Vehicle tracking has serious implications

Wednesday July 28 2021
By Guest Writer

Ugandan news media is awash with stories of government awarding a contract to a Russian company to install tracking devices in all public and private vehicles.
Mass vehicle tracking involves automated gathering, analysis, and utilisation of data about vehicles and their movements on a large scale, in our case, on a national scale. With advances in technologies for, data collection such as smart CCTV cameras, Internet of Things (IoT) for digital device connectivity, and machine learning for data analytics, this task has become so mundane that one does not need to be highly skilled to accomplish it.
In my opinion the current mass vehicle tracking project is unnecessary from a national security, privacy, and financial points of view. Urban crime can still be successfully fought without tracking down every Ugandan who drives a vehicle or rides a motorcycle. I would rather the government focuses on building its cyber security capability to counter external threats emanating from unfriendly nation states and/or global terrorism. But this will be a topic for another day.
So what are some of the implications of mass vehicle tracking for personal security and privacy? One of them is that as a Ugandan you no longer have a right to privacy of physical location. In other words, where you ‘live’ and ‘work’ is now a mouse click away – easily achieved by deriving daily spatio-temporal analytics of your individual movement trajectories. Also, your movement patterns including, routes, stop-over points, their duration and timestamps, are now a lot easier to determine and available in real-time.
As far as personal data security is concerned, you have no control over what this data will be used for. You have no right of consent over its collection. You may not be able to hold the government officer / agency responsible in case of data security breach. You may never know where the data will be stored (in Uganda or abroad), and who else will have access to it (legally or otherwise).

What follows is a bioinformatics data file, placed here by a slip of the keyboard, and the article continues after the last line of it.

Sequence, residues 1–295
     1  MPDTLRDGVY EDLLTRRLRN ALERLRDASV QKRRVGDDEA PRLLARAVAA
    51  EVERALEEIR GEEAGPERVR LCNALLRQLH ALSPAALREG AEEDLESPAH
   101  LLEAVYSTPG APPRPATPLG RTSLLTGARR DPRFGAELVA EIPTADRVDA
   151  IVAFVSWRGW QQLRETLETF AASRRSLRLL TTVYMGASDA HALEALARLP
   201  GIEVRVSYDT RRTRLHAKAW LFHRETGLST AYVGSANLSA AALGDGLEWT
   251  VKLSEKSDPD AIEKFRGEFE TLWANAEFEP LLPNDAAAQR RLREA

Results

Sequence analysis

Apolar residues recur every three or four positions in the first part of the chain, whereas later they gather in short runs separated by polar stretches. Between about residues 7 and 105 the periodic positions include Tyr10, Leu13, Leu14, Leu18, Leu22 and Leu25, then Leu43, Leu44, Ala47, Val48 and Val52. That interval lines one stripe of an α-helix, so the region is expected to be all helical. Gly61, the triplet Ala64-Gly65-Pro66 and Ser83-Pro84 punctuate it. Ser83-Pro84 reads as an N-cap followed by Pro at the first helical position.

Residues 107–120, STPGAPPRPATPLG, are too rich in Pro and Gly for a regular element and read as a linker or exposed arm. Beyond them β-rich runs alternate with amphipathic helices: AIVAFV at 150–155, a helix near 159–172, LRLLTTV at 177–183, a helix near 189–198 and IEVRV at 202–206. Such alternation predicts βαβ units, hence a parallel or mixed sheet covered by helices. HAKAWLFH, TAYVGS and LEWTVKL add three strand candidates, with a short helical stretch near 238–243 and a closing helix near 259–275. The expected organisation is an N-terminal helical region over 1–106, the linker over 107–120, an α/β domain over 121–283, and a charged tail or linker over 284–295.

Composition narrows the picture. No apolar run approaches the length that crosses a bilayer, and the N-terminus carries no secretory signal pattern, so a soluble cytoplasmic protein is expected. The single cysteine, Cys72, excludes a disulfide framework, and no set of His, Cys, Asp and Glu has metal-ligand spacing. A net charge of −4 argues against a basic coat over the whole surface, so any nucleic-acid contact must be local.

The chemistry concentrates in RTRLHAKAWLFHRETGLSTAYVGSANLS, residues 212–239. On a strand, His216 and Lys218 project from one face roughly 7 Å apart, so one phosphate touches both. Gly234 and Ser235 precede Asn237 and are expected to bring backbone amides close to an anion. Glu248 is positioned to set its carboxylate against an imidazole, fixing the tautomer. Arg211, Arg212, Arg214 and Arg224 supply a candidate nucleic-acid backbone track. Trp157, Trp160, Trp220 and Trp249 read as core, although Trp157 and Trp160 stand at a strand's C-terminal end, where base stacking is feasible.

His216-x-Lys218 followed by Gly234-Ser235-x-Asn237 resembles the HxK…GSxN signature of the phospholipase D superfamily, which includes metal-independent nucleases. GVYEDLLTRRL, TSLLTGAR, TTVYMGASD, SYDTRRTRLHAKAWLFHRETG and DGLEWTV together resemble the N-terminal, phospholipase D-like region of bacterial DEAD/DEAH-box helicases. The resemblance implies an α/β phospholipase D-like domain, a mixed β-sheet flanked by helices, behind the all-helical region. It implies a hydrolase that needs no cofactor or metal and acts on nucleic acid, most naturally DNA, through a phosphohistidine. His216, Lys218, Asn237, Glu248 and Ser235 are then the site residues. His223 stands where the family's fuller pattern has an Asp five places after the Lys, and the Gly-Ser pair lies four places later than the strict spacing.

There are also some unanswered questions and fears. For example, was the Russian company contracted to install tracking devices in vehicles (MS Joint-Stock Global Systems) evaluated on the basis of data security and privacy practices? There is not even a trace of them on the Internet. What if criminals who are after your life and/or family gain access to information about where you live, work, or movement patterns – isn’t their work now easier? Given Uganda’s highly corruptible law enforcement agencies and public officers – this thought isn’t too far-fetched.
You may be asking yourself, ‘what can I do to evade government surveillance under this mass vehicle tracking plan.’ Technically, you can do nothing if you consider yourself a ‘law abiding’ citizen or resident of Uganda. However, you can individually create self-awareness of lawful data protection and privacy practices in Uganda by acquainting yourself with the Data Protection and Privacy Act of 2019. This law will help you know, and may be one day you will be bold enough to stand up and fight for your personal data and right to privacy. Collectively (eg, as students’ body, civil society organisation, political group, academia, etc) advocate for better personal data governance practices in Uganda.
In the meantime, congratulations to each Ugandan for giving up a portion of your privacy to the government of Uganda without any form of resistance.
Rahman Sanya, Information security enthusiast.